Madawaska Historical Society

393 Main St, Madawaska, ME 04756

Click here or the image above, to view their web site.


For more information on the Madawaska Historical Society, contact Ken Theriault at [email protected]

On an annual basis, in conjunction with the Acadian Festival, the Madawaska Historical Society celebrate Acadian Families. Its “office” is located in the Library Building, Main Street, Madawaska, Maine. The Society, a non-profit corporation founded in 1968, has as its primary purpose the preservation of historical, social and cultural values of the Madawaska Territory. It serves the people by disseminating information relative to the people of the St. John Valley.

Following is a summary of accomplishments of the Society, since its inception in 1968:

1968 – The Madawaska Historical Society was the first historical society founded in the St. John Valley. Its founding President was (my good friend), Geraldine P. Chasse.

1969 – Organized and sponsored the 1969 Centennial Pageant, “Deja 100” and many other centennial events. Started a weekly historical column in the St. John Valley Times that ran for seven consecutive years. President was Geraldine P. Chasse.

1970 – The Madawaska Centennial Log Cabin was purchased and became the first museum in the St. John Valley. Sales of publications started. President was Geraldine P. Chasse.

1971 – Land was purchased next to the St. David Church and the Log Cabin Museum was moved to its present location. President was A.J. Michaud.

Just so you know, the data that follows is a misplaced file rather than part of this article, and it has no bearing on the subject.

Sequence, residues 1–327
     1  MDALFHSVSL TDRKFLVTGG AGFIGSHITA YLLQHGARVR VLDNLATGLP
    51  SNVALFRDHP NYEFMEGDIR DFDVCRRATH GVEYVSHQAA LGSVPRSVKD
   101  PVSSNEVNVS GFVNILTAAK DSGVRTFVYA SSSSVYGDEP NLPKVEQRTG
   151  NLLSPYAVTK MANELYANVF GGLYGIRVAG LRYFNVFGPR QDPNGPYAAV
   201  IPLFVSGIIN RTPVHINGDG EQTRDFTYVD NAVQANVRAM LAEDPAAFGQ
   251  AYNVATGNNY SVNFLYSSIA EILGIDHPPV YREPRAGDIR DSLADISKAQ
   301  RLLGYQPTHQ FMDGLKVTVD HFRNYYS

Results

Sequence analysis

1972 – Senior citizens were interviewed and over 100 tapes on oral history were made and donated to the Madawaska Public Library. President was Guy Dubay.

1973 – The old Albert Home was donated to the Historical Society. Three historic landmarks… the Acadian Landing Site, the St. David Church and Mt. Carmel Catholic Churches, were listed in the National Register of Historical Places. Reprinted the book “In Fair Aroostook” by Clarence Pullen. “An Acadian Heritage” by A.J. Michaud was published under the patronage of the Society. President was Geraldine P. Chasse.

1974 – The Log Cabin Museum was officially named “Tante Blanche Museum”. Elena Bourgoin, a 1974 Madawaska High School graduate, was recipient of the first A.J. Michaud Memorial Scholarship, for the study of history. President was Gilman Hebert.

1975 – Mt. Carmel Cemetery restoration undertaken as a Bicentennial Project. Published “Madawaska… A Chapter in Maine-New Brunswick Relations” by Charlotte Melvin. President was Gilman Hebert.

1976 – Mt. Carmel Cemetery dedicated as a Memorial Historic Site. Presented in conjunction with Fraser Paper Limited, Guy Dubay’s three-act play entitled “With Justice For All”. Carved a giant Liberty Bell, now on display in the schoolhouse. President was Gilman Hebert.

1977 – The District 1 schoolhouse moved to a parcel of donated land, behind the museum, and restored. More land purchased for the Acadian Landing Site and roadway to the Acadian Cross. President was Austin Wylie.
1978 – FIRST ACADIAN DAY… June 28, 1978! Madawaska town officials and the Maine State Legislature designated June 28, 1978, as Acadian Day in Maine. The Acadian Flag was presented to Governor Langley and flew over the Capitol Building. President was Cecile Pozzuto.